You are a teacher first. The best sources of data are those that occur naturally or can be built into the normal activities of the classroom. Snapping a photograph of your students during a Daily Five session, or making copies of key reflections for tracking are examples of data collection that do not interfere significantly with your work day. Another example is previously existing data, from earlier in the year or from previous years. In short, data collection should not take up too much of your time.
4. The data collection phase needs an end date
Action research is most manageable when finite, when it has a clear beginning and end. This does not mean that you cannot engage in research all the time. It just means that having a fixed timeline will help you either answer or refine your original question and lead to results. It will also help you plan out key moments of data collection – for example, collecting reflections at the beginning of every month to track their depth and quality.
You in your research
There is a belief shared by some that research should be free of bias and that researchers should strive for emotional and intellectual distance from that which is under study. Fortunately, the opposing point of view exists as well! I think that you should not divorce your values, beliefs and insights from your research. Your unique viewpoint and your privileged status as teacher-researcher is what will give your research an unmistakable ring of truth. Remaining aware of and communicating what you believe to be true about education and about learning, will also help you frame future research and find communities of like-minded educators. Like this one! Write and tell me how it’s going – I would love to hear from you.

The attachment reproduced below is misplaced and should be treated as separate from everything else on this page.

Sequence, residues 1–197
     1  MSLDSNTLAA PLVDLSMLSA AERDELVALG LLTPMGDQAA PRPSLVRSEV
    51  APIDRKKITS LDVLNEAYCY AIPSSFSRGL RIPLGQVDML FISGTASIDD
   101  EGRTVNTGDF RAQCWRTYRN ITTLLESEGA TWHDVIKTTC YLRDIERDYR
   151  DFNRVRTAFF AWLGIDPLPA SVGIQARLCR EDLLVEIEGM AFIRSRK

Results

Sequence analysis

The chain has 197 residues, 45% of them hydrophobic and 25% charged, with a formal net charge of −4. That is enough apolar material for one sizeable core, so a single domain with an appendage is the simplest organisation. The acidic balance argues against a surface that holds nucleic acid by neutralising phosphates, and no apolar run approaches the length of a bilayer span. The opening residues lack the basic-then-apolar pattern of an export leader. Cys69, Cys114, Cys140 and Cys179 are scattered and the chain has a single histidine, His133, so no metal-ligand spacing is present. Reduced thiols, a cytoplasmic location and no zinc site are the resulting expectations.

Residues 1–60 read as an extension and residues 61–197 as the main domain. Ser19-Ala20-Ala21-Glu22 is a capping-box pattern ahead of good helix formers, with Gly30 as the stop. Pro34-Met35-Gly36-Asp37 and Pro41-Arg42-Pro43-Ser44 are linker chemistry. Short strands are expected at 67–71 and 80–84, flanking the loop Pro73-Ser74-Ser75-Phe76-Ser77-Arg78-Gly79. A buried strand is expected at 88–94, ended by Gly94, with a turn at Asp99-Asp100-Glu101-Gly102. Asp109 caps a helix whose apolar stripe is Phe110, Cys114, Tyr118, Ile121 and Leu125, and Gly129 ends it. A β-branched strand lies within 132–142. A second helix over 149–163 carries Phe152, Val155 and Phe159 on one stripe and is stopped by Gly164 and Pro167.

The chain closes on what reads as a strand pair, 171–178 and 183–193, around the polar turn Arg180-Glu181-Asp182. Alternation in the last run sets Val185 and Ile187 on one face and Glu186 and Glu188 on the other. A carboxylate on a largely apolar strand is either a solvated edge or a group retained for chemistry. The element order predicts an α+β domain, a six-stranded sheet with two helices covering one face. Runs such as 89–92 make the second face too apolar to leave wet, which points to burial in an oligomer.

The LEARN logo. The start to the 2011-12 school year was heralded by a new logo for LEARN. The new look is fresh, simple, yet wonderfully expressive and meaningful. The tree of knowledge with ripe fruit ready to be enjoyed is at the center of our new look. The lowercase letters spelling out the word “learn” deliver more than a corporate image; this is a message to our community and to people everywhere that to learn is a lifelong endeavor in which we must all engage. The green and blue colors are archetypal reminders of our world and the boundaries and expanses around us.
Now with all that behind us, the new logo is simply cool. Young and hip. Nothing like me: I know but still I really like it, and so many have already given us such positive feedback. It is the choice of the Millennials in our organization, and I think they did a great job.